Summary Against Modern Thought: The Stars Don’t Make Our Choices

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There is no point to reading your horoscope.


1 However, we should note that Avicenna maintains that the motions of the celestial bodies are also the causes of our acts of choice, not simply as occasions, as was said above, but directly. For he claims that the celestial bodies are animated. Hence, since celestial motion is from a soul and is the motion of a body, therefore, just as it is a bodily motion with the power of causing change in bodies, so as a motion from the soul it must have the power to make an impression on our souls. And thus, the celestial motion is the cause of our acts of will and choice. On this point also he seems to return to the theory of Albumasar, in his Introduction I.

2 But this theory is not reasonable. Every effect proceeding through an instrument from an efficient cause must be proportionate to the instrument, as also to the agent, for we cannot use just any instrument for any effect. Hence, a result cannot be accomplished by means of an instrument if the action of the instrument in no way covers the result. Now, the action of a body in no way extends to the production of a change of understanding and will, as we showed, unless, perchance, by accident, through a change in the body, as we said before. So, it is impossible for the soul of a celestial body, if it be animated, to make an impression on the intellect and will by means of the motion of a celestial body.

Notes In other words, the stars might have some physical effect on you, however small, but your will is still free. The next delightful argument proves this.

3 Again, a particular agent cause, when acting, bears a likeness to the universal agent cause and is patterned on it. But, if a human soul were to impress another human soul through a corporeal operation, as when it reveals its thought by means of meaningful speech, the bodily action initiated by one soul does not reach the other soul without the mediation of its body. In fact, the spoken word moves the auditory organ, and then, having been so perceived by the sense power, it extends its message to the understanding. So, if the celestial soul makes an impression on our souls through bodily movement, that action will not reach our soul without making a change in our body. Now, this is not a cause of our acts of choice, but simply an occasion, as is clear from the foregoing. Therefore, celestial motion will not be a cause of our act of choice, except as a mere occasion.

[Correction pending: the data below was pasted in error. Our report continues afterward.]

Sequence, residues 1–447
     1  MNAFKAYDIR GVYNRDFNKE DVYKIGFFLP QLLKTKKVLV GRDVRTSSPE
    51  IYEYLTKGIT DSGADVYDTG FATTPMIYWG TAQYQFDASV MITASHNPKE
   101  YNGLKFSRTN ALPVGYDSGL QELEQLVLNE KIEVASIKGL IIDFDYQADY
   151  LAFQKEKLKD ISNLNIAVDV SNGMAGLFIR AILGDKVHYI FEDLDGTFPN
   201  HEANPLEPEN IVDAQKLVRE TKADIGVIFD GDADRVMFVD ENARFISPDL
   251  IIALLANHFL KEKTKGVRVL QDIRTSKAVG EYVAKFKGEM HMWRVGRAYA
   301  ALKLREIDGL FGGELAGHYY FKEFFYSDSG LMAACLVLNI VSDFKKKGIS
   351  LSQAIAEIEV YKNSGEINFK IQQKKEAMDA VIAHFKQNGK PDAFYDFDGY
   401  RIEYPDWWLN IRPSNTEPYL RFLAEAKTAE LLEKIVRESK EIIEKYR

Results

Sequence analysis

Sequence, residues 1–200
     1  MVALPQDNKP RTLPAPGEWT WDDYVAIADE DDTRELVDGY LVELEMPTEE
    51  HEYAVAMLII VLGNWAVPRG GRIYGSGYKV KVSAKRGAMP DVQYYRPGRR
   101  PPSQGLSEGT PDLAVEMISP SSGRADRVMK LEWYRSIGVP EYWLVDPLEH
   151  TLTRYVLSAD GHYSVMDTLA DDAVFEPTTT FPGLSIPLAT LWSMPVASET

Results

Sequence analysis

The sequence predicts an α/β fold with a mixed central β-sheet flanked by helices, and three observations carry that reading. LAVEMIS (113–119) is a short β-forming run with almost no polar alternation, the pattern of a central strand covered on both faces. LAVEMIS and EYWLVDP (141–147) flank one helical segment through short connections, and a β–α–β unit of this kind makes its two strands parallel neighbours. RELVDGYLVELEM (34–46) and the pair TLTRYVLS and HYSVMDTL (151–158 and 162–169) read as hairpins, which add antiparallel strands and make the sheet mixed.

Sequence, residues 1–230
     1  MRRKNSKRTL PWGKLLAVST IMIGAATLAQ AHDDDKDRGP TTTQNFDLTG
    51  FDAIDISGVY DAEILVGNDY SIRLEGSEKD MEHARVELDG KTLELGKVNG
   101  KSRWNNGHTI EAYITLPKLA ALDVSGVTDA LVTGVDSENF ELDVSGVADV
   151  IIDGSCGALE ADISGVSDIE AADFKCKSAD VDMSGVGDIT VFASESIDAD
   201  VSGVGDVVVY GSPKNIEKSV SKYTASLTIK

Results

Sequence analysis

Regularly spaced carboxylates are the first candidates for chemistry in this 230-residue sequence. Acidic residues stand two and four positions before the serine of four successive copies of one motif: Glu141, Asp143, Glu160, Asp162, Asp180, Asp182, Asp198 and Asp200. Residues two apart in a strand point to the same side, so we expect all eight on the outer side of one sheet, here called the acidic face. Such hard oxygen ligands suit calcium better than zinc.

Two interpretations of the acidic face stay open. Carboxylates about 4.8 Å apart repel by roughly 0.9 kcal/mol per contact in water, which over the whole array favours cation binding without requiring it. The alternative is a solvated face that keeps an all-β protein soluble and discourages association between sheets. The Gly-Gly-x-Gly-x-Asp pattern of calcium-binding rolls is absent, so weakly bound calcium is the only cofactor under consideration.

4 Besides, since the mover and the thing moved must be simultaneous, as is proved in Physics VII the motion must extend in a definite order, from the first mover to the last thing that is moved; that is, such that the mover moves what is far away from it by means of what is near to it.

Now, our body is nearer than our soul is to the celestial body which is asserted to be moved by a soul joined to it, for our soul has no relation to a celestial body except through our body. This is evident from the fact that separate intelligences have no relation to a celestial body, unless, perhaps, that of a mover to a thing moved. So, a change in a celestial body, initiated by its soul, does not reach our soul except through the mediation of our body. But our soul is not moved when our body is moved, except accidentally; nor does choice result from a change in our body, except by way of occasion, as we said. Therefore, celestial motion, by virtue of the fact that it is from a soul, cannot be the cause of our act of choice.

5 Moreover, according to the theory of Avicenna and some other philosophers, the agent intellect is a separate substance that acts on our souls by making potentially understood things to be actually understood. Now, this is done by abstraction from all material conditions, as is evident from our explanations in Book Two. So, that which acts directly on the soul does not act on it through corporeal motion, but, rather, through abstraction from everything corporeal. Therefore, the soul of the heavens, if it be animated, cannot be the cause of our acts of choice or understanding through the motion of the heavens.

6 It is also possible to prove by the same arguments that the motion of the heavens is not the cause of our acts of choice by means of separate substances, if someone claims that the heavens are not animated, but moved by a separate substance.

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